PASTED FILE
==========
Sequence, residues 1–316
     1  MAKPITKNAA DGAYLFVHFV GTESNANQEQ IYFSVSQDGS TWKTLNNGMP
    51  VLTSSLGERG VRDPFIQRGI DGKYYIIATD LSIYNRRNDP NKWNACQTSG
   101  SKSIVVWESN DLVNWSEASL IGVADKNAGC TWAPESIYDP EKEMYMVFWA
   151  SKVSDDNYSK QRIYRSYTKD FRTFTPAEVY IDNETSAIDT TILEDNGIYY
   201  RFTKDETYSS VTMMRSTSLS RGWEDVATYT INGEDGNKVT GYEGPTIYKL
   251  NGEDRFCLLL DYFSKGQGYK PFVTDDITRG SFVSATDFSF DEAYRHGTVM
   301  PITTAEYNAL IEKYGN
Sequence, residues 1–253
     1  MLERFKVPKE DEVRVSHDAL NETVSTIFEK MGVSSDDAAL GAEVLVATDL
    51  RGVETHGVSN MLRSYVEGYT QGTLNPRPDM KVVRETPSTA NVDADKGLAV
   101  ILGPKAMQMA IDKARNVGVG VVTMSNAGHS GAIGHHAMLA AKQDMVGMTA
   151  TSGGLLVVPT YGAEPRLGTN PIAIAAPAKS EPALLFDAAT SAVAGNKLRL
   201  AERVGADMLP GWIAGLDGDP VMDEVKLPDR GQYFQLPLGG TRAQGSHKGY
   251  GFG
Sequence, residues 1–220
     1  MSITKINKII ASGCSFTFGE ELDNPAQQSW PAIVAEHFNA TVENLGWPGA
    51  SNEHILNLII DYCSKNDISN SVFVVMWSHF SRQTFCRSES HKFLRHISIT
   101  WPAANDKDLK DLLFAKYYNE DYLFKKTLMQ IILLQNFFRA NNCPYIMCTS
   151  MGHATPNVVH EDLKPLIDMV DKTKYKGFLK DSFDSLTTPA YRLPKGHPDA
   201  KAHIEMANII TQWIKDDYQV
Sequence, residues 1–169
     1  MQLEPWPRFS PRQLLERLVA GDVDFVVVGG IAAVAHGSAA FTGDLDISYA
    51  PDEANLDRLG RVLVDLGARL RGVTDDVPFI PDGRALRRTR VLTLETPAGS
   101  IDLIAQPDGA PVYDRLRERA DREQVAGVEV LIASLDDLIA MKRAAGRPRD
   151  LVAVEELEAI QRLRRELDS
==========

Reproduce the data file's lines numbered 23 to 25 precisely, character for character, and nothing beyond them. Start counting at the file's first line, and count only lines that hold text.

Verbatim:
     1  MQLEPWPRFS PRQLLERLVA GDVDFVVVGG IAAVAHGSAA FTGDLDISYA
    51  PDEANLDRLG RVLVDLGARL RGVTDDVPFI PDGRALRRTR VLTLETPAGS
   101  IDLIAQPDGA PVYDRLRERA DREQVAGVEV LIASLDDLIA MKRAAGRPRD